I’m actually kind of tired of this conversation. It seems to always be happening, and more often than not, those of us talking about this issue can easily identify what we hate and never identify what we love. We deconstruct, but never attempt to reconstruct, and this is dangerous.
If we’re constantly bashing the fictional women in the stories we read or watch or hear, for being too feminine or too masculine, what are we even left with? Everyone loves tearing down characters for not being strong enough or female enough… which is fine. But if we just leave it there, we do a lot of damage. Because the message that’s actually coming across is this:
True “strong female characters” are elusive. You can’t really know them – even when you think you do. We’re left wondering if maybe we haven’t even arrived at what it means to be strong and female yet.
Which is so not true, and never has been.
Honestly, all I want in stories is the truth. I want both my male and female characters to be real. And if characters are real, then they are going to be different kinds of strong.
Let’s take Firefly as an example. Of the nine main characters, four are female. I would argue that all four of them, while being completely different, are strong females characters in completely different ways.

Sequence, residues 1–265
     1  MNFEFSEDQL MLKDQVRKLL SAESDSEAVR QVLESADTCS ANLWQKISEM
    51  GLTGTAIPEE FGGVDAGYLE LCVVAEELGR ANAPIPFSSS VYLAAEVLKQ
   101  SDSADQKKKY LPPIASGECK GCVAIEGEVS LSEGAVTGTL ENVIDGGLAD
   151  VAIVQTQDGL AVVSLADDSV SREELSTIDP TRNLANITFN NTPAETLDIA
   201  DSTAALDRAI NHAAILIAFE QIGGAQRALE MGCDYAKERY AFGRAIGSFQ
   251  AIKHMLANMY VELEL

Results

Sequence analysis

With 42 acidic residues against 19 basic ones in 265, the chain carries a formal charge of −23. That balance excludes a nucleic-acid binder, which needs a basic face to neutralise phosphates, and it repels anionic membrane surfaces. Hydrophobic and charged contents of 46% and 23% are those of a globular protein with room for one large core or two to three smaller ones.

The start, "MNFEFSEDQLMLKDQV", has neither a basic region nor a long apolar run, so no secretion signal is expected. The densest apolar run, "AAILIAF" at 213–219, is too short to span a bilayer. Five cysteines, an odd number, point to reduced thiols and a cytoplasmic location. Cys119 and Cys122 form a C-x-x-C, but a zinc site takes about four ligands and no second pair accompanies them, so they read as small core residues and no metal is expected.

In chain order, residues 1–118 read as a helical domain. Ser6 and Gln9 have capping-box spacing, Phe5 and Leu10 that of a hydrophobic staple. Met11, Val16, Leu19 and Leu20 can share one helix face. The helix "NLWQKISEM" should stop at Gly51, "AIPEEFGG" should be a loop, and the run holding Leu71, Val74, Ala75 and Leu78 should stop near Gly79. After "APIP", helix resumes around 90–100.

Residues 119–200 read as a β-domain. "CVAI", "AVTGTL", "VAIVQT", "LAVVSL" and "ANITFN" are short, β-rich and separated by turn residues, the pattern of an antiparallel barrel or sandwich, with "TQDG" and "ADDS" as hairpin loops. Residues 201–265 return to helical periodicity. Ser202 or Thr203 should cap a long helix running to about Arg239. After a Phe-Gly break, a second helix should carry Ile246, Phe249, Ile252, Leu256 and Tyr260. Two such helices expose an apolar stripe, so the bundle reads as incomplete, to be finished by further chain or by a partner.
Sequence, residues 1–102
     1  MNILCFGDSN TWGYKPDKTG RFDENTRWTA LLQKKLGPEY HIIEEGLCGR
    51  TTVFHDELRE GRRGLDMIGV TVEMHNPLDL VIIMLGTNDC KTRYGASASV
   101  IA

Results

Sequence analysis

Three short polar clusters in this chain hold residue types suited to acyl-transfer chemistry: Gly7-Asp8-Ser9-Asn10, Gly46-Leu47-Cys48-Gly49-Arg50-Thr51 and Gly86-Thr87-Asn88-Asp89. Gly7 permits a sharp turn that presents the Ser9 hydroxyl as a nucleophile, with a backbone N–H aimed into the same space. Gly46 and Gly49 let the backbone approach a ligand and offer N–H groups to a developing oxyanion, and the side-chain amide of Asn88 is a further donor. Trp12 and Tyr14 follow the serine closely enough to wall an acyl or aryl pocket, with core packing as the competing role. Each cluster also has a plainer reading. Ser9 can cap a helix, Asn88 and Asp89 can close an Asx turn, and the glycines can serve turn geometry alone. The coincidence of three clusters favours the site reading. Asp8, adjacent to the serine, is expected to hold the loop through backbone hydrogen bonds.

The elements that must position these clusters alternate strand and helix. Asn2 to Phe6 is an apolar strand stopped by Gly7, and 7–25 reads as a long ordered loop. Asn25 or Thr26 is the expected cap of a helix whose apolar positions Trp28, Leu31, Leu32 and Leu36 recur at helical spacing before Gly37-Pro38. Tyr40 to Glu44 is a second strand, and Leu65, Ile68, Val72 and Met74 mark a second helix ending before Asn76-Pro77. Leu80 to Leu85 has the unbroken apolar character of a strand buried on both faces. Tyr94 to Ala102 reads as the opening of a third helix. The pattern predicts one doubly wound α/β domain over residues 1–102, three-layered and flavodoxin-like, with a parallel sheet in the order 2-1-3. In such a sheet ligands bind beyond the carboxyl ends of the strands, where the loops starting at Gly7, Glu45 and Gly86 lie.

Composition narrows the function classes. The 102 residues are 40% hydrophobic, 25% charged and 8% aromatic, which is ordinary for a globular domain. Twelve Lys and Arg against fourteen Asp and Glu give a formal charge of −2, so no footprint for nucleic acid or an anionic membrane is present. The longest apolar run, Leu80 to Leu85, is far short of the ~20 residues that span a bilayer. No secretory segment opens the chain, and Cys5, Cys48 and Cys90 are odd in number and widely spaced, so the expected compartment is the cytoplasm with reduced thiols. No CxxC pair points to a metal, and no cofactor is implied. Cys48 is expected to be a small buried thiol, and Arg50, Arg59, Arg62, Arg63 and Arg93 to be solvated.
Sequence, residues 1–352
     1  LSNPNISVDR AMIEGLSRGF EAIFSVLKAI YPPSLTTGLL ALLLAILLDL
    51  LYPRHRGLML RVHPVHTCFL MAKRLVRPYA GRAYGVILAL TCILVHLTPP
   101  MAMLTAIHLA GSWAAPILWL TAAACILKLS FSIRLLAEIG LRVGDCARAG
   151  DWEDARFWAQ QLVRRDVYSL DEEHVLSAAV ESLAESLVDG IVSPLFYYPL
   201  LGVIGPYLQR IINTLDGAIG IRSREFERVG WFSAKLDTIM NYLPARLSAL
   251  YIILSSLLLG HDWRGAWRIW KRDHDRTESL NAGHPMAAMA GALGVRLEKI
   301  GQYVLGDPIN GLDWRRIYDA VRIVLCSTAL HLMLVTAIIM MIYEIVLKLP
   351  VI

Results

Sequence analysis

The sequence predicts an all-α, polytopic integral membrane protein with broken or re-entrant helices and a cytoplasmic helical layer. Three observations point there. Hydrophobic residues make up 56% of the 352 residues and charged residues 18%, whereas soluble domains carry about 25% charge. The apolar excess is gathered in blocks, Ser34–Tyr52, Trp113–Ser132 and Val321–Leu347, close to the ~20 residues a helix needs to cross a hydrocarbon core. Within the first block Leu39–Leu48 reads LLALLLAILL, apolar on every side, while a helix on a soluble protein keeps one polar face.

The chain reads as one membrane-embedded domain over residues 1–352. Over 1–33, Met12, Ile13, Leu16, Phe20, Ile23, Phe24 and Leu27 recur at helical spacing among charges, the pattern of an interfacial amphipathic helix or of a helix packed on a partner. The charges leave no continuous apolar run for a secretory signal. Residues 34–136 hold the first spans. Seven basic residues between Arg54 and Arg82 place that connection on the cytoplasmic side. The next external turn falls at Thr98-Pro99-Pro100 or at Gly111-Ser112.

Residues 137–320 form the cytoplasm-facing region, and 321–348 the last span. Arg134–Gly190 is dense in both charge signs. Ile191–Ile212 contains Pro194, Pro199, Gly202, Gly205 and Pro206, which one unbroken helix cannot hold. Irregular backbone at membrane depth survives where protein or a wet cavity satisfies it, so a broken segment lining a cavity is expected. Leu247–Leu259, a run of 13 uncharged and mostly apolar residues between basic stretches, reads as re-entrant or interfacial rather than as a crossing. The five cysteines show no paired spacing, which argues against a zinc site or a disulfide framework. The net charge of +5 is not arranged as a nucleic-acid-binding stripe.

Zoe is the traditional SFC. She’s a soldier completely loyal to her commander, a rescuer in the physical sense, and she knows how to use a gun and how to fight with her fists. She’s incredibly sexy, but she’s also intimidated by women who excel at domestic duties, and she struggles between loyalty to her husband and loyalty to her captain.
Kaylee is a highly skilled mechanic (a predominantly masculine role) always sporting grease on her face and eager to engage in shop talk. She is tenderhearted, a bit naïve, and believes in people’s inherent goodness more than anything else. When a gun is put in her hand, she can’t fire it.
Inara is a courtesan, and the one person with the most social standing on the pirate ship. She’s very comfortable with her sexuality and her career choice – which often puts her at the mercy of powerful men. She’s the one people open up to most, and feel most comfortable with. She doesn’t fight.
River is a child prodigy. She’s more intelligent than her brilliant doctor brother, and because of this and the experiments done on her brain, she’s seen as borderline insane. She’s supernaturally good at fighting – better than anyone else on the ship – and extremely dangerous. I like River because she represents a place for insanity within community - which is something I particularly care about. She may be dangerous, but she’s also brilliant and knows exactly what’s going on at all times. Most importantly, she defends the people she loves.
This is what I look for in stories: options. It's what I long for in this conversation. So, here are four options of what it can mean to be strong and female. But there are hundreds, maybe thousands, more.